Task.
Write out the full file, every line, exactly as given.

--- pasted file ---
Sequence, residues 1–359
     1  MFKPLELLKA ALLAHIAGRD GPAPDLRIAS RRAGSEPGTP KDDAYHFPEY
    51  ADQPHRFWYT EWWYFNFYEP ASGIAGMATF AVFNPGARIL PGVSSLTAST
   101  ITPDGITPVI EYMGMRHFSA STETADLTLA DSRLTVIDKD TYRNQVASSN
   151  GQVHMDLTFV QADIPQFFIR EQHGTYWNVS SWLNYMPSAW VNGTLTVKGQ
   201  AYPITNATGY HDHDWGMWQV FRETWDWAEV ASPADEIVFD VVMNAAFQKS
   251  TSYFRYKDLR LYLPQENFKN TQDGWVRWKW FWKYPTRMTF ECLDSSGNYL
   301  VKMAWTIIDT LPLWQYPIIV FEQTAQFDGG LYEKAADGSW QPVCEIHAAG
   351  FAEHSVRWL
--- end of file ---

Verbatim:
Sequence, residues 1–359
     1  MFKPLELLKA ALLAHIAGRD GPAPDLRIAS RRAGSEPGTP KDDAYHFPEY
    51  ADQPHRFWYT EWWYFNFYEP ASGIAGMATF AVFNPGARIL PGVSSLTAST
   101  ITPDGITPVI EYMGMRHFSA STETADLTLA DSRLTVIDKD TYRNQVASSN
   151  GQVHMDLTFV QADIPQFFIR EQHGTYWNVS SWLNYMPSAW VNGTLTVKGQ
   201  AYPITNATGY HDHDWGMWQV FRETWDWAEV ASPADEIVFD VVMNAAFQKS
   251  TSYFRYKDLR LYLPQENFKN TQDGWVRWKW FWKYPTRMTF ECLDSSGNYL
   301  VKMAWTIIDT LPLWQYPIIV FEQTAQFDGG LYEKAADGSW QPVCEIHAAG
   351  FAEHSVRWL